A Filmmaker’s Apocalypse

Hearts of Darkness: A Filmmaker’s Apocalypse is a documentary about the making of Francis Ford Coppola’s Apocalypse Now. Coppola fired his lead actor after several weeks of shooting, his replacement lead actor had a heart attack half way through the 238-day shoot, hurricanes destroyed his sets, army helicopters were called away in the middle of hugely expensive shots, and he didn’t have an ending. Good times!

From DVD Talk:

In watching Hearts of Darkness: A Filmmaker’s Apocalypse again for the first time in a few years, I was struck by the sheer egomaniacal drive that spurred Apocalypse Now director Francis Ford Coppola forward — this is a man who, seemingly quite literally, went incrementally insane in the Philippine jungle… The overwhelming ambition and staggering scale of Coppola’s Vietnam-centric riff upon Joseph Conrad’s “Heart of Darkness” are relics from another time, an era when filmmaking was a creative enterprise, not a corporate one.

“The Departed” Review

null The Departed is the most fun I had watching a movie in a movie theatre in 2006. (The packed audience was into the movie, everyone jumping, reacting, listening, dreading at the same moments. I’m happy to watch most movies with a minimal audience, but in this case, my initial viewing experience may have been improved by the presence of such a good audience.)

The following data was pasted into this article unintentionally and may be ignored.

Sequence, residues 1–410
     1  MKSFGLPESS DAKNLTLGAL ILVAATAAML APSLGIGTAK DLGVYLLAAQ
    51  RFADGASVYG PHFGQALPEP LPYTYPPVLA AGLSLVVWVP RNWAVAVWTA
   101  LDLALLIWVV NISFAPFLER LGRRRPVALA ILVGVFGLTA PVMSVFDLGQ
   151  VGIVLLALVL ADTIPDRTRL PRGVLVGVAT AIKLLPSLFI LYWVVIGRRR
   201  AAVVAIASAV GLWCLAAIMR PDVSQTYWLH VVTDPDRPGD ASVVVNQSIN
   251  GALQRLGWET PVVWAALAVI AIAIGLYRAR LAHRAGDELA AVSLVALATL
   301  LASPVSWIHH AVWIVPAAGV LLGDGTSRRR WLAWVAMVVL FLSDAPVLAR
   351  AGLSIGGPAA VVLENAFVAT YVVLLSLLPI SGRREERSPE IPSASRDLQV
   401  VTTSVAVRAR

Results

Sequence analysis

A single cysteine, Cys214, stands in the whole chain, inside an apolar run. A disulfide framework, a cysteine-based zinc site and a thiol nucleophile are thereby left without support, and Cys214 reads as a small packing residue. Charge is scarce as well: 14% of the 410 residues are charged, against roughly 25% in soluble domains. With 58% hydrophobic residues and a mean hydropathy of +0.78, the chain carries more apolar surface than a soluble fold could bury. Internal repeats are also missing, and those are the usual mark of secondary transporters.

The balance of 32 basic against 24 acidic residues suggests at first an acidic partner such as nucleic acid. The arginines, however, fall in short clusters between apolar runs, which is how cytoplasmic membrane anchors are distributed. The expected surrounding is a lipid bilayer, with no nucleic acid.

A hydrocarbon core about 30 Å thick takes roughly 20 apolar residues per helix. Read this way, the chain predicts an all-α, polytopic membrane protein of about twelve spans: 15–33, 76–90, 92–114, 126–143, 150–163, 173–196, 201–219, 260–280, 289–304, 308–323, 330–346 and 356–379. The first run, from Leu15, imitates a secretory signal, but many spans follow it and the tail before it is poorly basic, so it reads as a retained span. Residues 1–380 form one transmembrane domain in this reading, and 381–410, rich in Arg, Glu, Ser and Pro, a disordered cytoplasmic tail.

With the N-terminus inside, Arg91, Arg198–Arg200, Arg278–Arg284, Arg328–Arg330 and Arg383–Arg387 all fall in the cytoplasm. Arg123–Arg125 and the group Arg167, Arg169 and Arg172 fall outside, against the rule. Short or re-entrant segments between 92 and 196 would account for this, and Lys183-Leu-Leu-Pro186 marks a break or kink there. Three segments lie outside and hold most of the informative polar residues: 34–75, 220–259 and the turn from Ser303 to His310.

It’s been well over a decade since Martin Scorsese made a worthwhile film. Now, with The Departed, he’s hit a grand-slam home-run right out of the park. It’s great to see Scorsese return to form at what he does best: the crime drama. This isn’t a retread of old territory like Casino. Although he does a few things we’ve seen before, it’s fresh and exciting and fantastic. It reminds me of how cool it was to watch Goodfellas for the first time. Both movies glorify the criminal lifestyle; even though things are not likely to turn out well for anyone who lives that life, for the young and impressionable, Goodfellas and The Departed kind of make you want to be a criminal. The Departed may not the greatest Scorsese, but it’s certainly one of the most entertaining.